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i want to compare meta programming and use of constexpr in c++0x. then i write a fib function in both model. when i use meta programming model , answer print out very fast because it calculated in compile time. but when i use constexpr funcion it calculate value in run time, not in compile time. i using g++( gcc ) 4.8 .can any body help me?

#include <iostream>
using namespace std;
#define NUM 42

template <unsigned int N>
struct Fibonacci {
    enum { value = Fibonacci<N - 1>::value + Fibonacci<N - 2>::value };
};

template <>
struct Fibonacci<1> {
    enum { value = 1 };
};

template <>
struct Fibonacci<0> {
    enum { value = 1 };
};

constexpr unsigned int fib(unsigned int n)
{
    return (n > 1 ? fib(n-1) + fib(n-2) : 1 );
}

int main()
{

    cout << "Meta_fib(NUM)      : " << Fibonacci<NUM>::value << endl; // compile time :)
    cout << "Constexpr_fib(NUM) : " << fib(NUM) << endl;        // run time :-?
    return 0;
}
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Both look compile-time to me. –  chris Dec 19 '13 at 13:28
    
Isn't the idea of constexpr is that it works in compile time? –  Ali Alamiri Dec 19 '13 at 13:29
8  
How do you know it calculates the value at runtime? Have you looked at the assembly? –  juanchopanza Dec 19 '13 at 13:29
2  
@juanchopanza: Compiling with gcc, its evaluated at runtime. Although you can simply force compile time evaluation with constexpr unsigned i = fib(NUM);. –  Jesse Good Dec 19 '13 at 13:42
1  
@juanchopanza: just a simple way ;) when i run this code, meta programming model answer fast , but constexpr model answer very slow. –  mostafa88 Dec 19 '13 at 13:54

4 Answers 4

up vote 5 down vote accepted

I believe the reason is that constexpr is not guaranteed to execute at compile-time. To enforce compile-time evaluation, you have to assign it to a compile-time alias. Like,

enum {i = fib(NUM)};

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constexpr is not guaranteed to be evaluated at compile time. This means, compiler can choose whether to evaluate at compile time or at run time. You can try to assign it to a compile time constant and check like this...

const long i = fib(NUM);// here i should be initialized at the time of 
                        // declaration
cout << "Meta_fib(NUM)      : " << Fibonacci<NUM>::value << endl; 
cout << "Constexpr_fib(NUM) : " << i << endl;
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A simple test to see if your constexpr are really being done at compile-time is to use an std::array:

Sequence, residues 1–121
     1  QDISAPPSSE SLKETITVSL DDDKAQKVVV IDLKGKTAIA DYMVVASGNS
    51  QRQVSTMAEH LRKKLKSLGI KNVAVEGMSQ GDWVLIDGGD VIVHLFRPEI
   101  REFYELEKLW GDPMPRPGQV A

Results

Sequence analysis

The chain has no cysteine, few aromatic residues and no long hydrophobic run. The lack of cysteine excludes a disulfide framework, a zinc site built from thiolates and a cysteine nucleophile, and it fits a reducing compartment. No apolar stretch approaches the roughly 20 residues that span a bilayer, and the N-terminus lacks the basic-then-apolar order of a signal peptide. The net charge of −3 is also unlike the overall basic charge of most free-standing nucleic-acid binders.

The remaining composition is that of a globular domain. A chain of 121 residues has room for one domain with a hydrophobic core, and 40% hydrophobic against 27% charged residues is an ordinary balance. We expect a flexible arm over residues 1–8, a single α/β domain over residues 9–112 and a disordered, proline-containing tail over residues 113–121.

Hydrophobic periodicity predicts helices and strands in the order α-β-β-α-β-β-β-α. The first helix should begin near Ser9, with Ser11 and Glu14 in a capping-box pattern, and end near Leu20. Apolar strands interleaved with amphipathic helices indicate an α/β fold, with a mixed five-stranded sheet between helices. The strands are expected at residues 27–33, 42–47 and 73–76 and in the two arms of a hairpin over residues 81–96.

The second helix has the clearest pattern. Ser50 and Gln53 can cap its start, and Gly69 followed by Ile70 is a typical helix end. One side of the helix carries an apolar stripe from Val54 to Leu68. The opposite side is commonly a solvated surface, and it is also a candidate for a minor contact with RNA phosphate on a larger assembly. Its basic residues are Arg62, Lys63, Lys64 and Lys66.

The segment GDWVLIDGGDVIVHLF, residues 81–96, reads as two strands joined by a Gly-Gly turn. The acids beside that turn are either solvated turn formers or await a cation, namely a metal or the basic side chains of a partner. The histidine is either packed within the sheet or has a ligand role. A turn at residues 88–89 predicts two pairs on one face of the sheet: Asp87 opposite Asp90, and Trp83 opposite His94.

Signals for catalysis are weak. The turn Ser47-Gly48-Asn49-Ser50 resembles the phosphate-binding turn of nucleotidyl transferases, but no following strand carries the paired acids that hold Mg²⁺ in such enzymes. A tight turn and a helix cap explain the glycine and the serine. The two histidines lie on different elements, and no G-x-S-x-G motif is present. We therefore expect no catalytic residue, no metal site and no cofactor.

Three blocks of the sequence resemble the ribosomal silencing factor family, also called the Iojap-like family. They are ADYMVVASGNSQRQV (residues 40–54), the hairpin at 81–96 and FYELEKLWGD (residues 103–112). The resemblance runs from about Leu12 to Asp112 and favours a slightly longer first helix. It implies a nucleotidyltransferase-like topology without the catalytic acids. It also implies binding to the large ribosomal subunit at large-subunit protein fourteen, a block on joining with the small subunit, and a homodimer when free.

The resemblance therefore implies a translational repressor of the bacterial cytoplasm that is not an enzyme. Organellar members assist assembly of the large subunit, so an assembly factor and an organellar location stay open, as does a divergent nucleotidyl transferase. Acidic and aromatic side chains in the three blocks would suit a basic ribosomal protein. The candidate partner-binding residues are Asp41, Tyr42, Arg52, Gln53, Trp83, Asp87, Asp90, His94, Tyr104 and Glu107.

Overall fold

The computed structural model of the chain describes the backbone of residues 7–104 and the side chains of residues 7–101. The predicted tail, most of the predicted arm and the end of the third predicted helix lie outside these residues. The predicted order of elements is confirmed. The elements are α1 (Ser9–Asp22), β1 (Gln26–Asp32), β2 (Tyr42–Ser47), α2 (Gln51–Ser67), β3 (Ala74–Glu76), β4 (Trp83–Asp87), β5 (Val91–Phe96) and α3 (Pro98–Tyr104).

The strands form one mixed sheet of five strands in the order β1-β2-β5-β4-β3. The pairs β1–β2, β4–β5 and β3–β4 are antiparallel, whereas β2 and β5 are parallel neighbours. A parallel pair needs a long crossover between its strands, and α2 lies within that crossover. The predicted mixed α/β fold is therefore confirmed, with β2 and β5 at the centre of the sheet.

#include <array>

std::array<int, Fibonacci<5>::value> arr;
std::array<int, fib(5)> arr2;

gcc has no complaints.

See this comment by Bjarne Stroustrup:

... according to the standard a constexpr function may be evaluated at compiler time or run time unless it is used as a constant expression, in which case it must be evaluated at compile-time. To guarantee compile-time evaluation, we must either use it where a constant expression is required (e.g., as an array bound or as a case label) or use it to initialize a constexpr. I would hope that no self-respecting compiler would miss the optimization opportunity to do what I originally said: "A constexpr function is evaluated at compile time if all its arguments are constant expressions."

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2  
That, however, will never cause the compiler to complain. Using a constexpr as template parameter simply forces the compiler to evaluate it at compile-time. Which is of course possible if the function meets the strict requirements for constexpr (otherwise the compiler complains much earlier anyway). It may, however, still evaluate the same function at runtime in a different location (notably gcc does just that! You would think that once-compiletime, the compiler is smart enough to remember this for all uses. It's not.) –  Damon Dec 19 '13 at 13:44

With gcc, at least, you can get the constexpr value to be computed at compile time by making it a static variable:

static const unsigned fibNUM = fib(NUM);

As I read the standard, it's still allowed to compute the value at startup, but in practice it will be computed at compile time.

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